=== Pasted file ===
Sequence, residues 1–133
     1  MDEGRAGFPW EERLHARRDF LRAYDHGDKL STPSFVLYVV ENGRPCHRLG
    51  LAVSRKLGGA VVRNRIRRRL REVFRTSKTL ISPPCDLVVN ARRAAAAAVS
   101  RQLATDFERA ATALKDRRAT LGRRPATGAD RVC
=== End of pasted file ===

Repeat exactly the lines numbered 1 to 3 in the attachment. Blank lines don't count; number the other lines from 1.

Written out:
Sequence, residues 1–133
     1  MDEGRAGFPW EERLHARRDF LRAYDHGDKL STPSFVLYVV ENGRPCHRLG
    51  LAVSRKLGGA VVRNRIRRRL REVFRTSKTL ISPPCDLVVN ARRAAAAAVS